Monday, November 22, 2010

Watercolor Tip #9

The Importance of your Under Wash

If the under wash, which is usually the first wash you put on your painting surface, is not correct tonally, your landscape painting will not work as well as it should.

I usually paint my sky and ground in my first wash. At this point my painting should already look like a landscape and it will be relatively easy to put all of the remaining objects in my painting and have them feel like they belong there.

When you paint the land component of your under wash it should be lighter in tone, have softer edges and be cooler (color’s lean towards blue) in the distance and stronger in tone, sharper and warmer (colors lean towards red and yellow) in the foreground. This is what is called atmospheric perspective and is caused by the air (water vapour, pollution, dust, other molecules, etc) that you look through to see distant objects.

Once the under wash is totally bone dry then you can go back and place the objects within it eg, hills, trees, buildings, animals etc.  Obviously the same rules of atmospheric perspective apply to these objects placed on your landscape.  However, as they will primarily be vertical shapes (hills, trees, buildings, people, they will usually be of a stronger tone than the horizontal ground on which they are placed.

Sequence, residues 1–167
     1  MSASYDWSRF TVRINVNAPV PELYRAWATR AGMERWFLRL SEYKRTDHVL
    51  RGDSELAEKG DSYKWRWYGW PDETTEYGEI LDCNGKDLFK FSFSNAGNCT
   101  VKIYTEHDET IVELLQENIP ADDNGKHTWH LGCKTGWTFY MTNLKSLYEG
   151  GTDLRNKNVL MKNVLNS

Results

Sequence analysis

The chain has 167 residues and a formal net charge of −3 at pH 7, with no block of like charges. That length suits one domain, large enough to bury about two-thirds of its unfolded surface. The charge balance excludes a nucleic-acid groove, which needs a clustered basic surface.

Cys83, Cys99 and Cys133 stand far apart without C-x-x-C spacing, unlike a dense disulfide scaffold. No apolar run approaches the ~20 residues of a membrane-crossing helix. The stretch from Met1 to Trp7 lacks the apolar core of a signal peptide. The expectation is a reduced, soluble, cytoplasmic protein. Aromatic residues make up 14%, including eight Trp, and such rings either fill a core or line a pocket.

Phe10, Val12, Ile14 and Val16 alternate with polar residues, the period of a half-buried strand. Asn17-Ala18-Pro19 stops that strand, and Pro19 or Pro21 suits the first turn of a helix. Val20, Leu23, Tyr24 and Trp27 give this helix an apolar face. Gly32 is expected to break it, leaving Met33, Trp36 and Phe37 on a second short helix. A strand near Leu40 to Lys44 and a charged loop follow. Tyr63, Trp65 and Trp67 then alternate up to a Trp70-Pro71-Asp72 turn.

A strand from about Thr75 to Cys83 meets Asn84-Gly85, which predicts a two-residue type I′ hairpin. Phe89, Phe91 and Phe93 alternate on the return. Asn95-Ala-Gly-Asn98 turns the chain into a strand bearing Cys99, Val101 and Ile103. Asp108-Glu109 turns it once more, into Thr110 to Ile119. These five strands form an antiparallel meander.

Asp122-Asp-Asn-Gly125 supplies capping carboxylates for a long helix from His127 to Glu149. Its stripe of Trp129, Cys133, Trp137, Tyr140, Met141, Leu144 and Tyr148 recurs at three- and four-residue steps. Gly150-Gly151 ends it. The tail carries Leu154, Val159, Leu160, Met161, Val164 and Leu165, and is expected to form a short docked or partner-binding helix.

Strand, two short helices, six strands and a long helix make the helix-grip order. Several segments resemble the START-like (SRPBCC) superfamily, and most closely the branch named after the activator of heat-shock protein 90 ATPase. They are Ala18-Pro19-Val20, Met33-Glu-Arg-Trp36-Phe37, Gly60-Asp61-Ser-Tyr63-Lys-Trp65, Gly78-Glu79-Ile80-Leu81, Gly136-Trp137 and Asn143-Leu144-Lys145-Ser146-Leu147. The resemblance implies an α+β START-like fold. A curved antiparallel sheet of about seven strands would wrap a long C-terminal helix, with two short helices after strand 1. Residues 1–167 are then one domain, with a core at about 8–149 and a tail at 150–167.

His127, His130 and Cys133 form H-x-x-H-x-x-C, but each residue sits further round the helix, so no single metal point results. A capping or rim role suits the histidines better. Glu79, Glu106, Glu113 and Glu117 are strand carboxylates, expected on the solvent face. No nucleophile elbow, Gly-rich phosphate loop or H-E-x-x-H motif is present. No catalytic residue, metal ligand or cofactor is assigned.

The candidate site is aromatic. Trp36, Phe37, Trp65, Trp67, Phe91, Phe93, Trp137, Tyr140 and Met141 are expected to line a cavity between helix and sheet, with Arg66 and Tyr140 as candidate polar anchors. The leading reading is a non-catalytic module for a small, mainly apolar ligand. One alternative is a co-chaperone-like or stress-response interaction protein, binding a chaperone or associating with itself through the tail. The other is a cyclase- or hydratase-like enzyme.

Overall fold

Happy Painting

Friday, November 5, 2010

Painting a watercolor flat wash

Well I have just uploaded my first video demonstration.  It was a lot of fun, though I am sure I will do better in the future as I get more experienced at talking with a camera running. 

Anyway it's topic is "How to paint a flat wash in watercolor" and will hopefully be of use to anyone that is interested.  While it is something that seems very simple it still gives beginners a lot of trouble.

It can be seen on my web site here or on YouTube below.

My next video will be on doing a graded wash, and then a multi color wash after that.

Happy painting.

Joe Cartwright